August 21, 2012 at 7:12 am (Baking with Julia, Bread Baking, Dorie Greenspan, Holiday Baking, Tuesdays with Dorie)
Tags: Alton Brown, Baking with Julia, butter, Dorie Greenspan, Eggs, food processor, honey, Popover pan, Popovers, Tuesdays With Dorie
Oh, beautiful, delicious, airy, fluffy popovers! Where have you been all my life?!?
Not only had I never made a popover, until this recipe came up for Tuesdays with Dorie, I had never even tried one before. I can’t believe I have lived for 40-some years and never had the joy of tearing into one of these beauties before dinner this evening! I can promise you, it won’t be 40 more years before I make them again. It probably won’t be 4 days.
I must have been planning on making these at some point, because I have a popover pan. I think I got it with points from my bank the same time I got Baking with Julia. So it’s only fitting that I used the pan for the first time with Marion Cunningham’s recipe from BWJ.
I preheated the oven to 400°F, as that’s what several recipes I saw using popover pans called for. Based on some of the comments on the P&Q for this recipe, I buttered the pans really well with melted butter. (As a side note, my Chicago Metallic popover pans are nonstick, and I’ve found their nonstick pans to work really well with a minimum of greasing.) I filled the cups about 1/3 full and baked them for exactly 35 minutes.
They looked absolutely perfect when they came out of the oven. Dinner was on the table, so the popovers went right from the pans to a basket and onto the table.
I tore into one and was surprised and delighted by how open and airy the center was. They weren’t doughy or custardy in the middle, just a little less done than the crispy exteriors. I slathered the insides with butter and drizzled on some honey. They were absolutely delicious! Soft and crisp at the same time. Puffy, buttery, dripping with honey. I could have made a meal of them.
I’m glad I tried this recipe. And I’m glad to have a popover pan, wherever it came from. I only wish I had two pans so I could make a dozen of these at a time.
Our hosts this week are Paula of Vintage Kitchen Notes and Amy of Bake with Amy. Cruise on over to their blogs for the recipe and to see what they thought of these yummy popovers.
March 29, 2012 at 8:10 am (Recipes, Techniques)
Tags: Alton Brown, Beef, burger, cast iron griddle, Chuck, food processor, Good Eats, griddle pan, grinding your own hamburger, ground beef, hamburger, recipe, sirloin
If a picture is worth a thousand words, need I say more than this?
After watching an episode of Good Eats, I was convinced that I needed to buy a cast iron griddle and grind my own hamburger. And, boy, am I glad I did.
This, my friends, is the best hamburger you’ve ever tasted. Made right in your own kitchen. No pink slime; no mystery meat; and no seasonings other than Kosher salt.
The Perfect Burger (based on recipe by Alton Brown)
- 12 ounces chuck
- 12 ounces sirloin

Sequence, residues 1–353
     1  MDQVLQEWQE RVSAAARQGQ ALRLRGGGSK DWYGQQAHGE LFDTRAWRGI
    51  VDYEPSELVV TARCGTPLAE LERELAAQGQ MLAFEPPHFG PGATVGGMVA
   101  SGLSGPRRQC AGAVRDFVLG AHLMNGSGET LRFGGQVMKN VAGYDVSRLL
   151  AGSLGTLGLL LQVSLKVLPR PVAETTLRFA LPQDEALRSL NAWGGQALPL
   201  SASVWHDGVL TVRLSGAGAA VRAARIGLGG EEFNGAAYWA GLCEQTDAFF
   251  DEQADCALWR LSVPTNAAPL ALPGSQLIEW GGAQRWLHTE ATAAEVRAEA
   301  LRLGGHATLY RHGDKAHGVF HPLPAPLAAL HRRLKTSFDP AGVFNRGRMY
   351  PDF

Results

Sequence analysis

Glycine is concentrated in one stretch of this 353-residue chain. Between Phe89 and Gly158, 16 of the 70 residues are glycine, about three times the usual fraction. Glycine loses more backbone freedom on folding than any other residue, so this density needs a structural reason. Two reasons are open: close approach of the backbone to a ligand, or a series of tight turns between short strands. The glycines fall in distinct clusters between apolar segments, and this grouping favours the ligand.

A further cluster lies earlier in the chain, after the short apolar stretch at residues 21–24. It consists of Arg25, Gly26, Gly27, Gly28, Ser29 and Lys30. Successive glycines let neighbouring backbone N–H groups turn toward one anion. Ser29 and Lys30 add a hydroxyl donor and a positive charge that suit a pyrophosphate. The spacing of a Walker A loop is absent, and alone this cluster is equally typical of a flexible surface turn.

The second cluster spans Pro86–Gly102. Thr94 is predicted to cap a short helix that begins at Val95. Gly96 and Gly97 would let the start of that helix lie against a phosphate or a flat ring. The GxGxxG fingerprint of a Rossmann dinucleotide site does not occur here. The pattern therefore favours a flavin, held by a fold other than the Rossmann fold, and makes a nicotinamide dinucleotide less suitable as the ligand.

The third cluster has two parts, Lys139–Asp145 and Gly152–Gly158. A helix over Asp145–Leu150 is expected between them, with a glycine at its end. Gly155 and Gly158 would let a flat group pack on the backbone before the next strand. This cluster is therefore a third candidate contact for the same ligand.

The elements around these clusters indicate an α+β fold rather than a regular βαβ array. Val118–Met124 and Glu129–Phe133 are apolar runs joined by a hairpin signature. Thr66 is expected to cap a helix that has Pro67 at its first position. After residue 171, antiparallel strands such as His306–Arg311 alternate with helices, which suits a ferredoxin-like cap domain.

- 3/4 teaspoon Kosher salt
- 4 hamburger buns
- freshly ground black pepper
- Lightly oil cast iron griddle. Preheat griddle over medium-high heat.
- Trim chuck of excess fat and cut into 1- to 2-inch cubes. Place chuck in food processor and pulse 10 times in 1-second intervals. Scrape meat into large bowl.
- Repeat with sirloin, adding to bowl with chuck after grinding.
- Add salt to meat and mix well with clean hands by lifting the meat from underneath and turning it over, being careful not to squish or compress meat.
- Shape meat into 5- to 5 1/2-ounce patties by forming into balls, tossing gently back and forth from hand to hand, then shaping each patty gently, again without pressing meat very much.
- Place patties on preheated griddle pan and cook for 4 minutes on each side for medium-rare or 5 minutes per side for medium, turning only once during cooking and resisting the urge to press down on the patties while they cook. (This is not a diner, and your name’s not Mel. Pressing the patties while they cook only serves to squish out all the delicious juiciness. Also, because the meat is freshly ground and not full of who-knows-what, the patties do not need to be cooked beyond medium.)
- While the patties are cooking, prepare hamburger buns by spreading the bottom bun with mayonnaise and topping with a bit of freshly cracked black pepper. The juices from the burger will mix with the mayo and pepper to make the most delicious “sauce” you can imagine.
- When the burgers are done cooking, place on buns, adorn with desired toppings, and enjoy.
Makes 4 burgers
The first time I made these, I didn’t add any toppings, as I wanted to taste them unadorned with just the mayo, pepper, and burger “sauce”. I can’t describe how good it was this way. Juicy, tender, and oh-so-meaty tasting.
I think what sets this recipe apart from any other burger I’ve tried is the “meatiness” of it. The freshly ground beef, the lack of overpowering seasonings, and the minimal toppings all let the meat flavor shine through.
Give it a try. It’s easier than you think to create the most flavorful, meaty burger you’ve ever had. But be warned: you may never be able to go back to store-bought ground beef again.